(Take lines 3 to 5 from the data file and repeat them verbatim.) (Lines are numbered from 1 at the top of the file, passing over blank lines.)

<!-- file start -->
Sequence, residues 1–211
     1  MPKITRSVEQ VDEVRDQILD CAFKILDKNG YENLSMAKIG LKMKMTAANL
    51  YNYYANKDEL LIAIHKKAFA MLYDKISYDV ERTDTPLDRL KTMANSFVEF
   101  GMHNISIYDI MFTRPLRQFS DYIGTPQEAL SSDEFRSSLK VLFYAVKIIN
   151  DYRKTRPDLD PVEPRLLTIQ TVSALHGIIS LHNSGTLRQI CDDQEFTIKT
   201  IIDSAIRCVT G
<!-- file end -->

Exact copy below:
    51  YNYYANKDEL LIAIHKKAFA MLYDKISYDV ERTDTPLDRL KTMANSFVEF
   101  GMHNISIYDI MFTRPLRQFS DYIGTPQEAL SSDEFRSSLK VLFYAVKIIN
   151  DYRKTRPDLD PVEPRLLTIQ TVSALHGIIS LHNSGTLRQI CDDQEFTIKT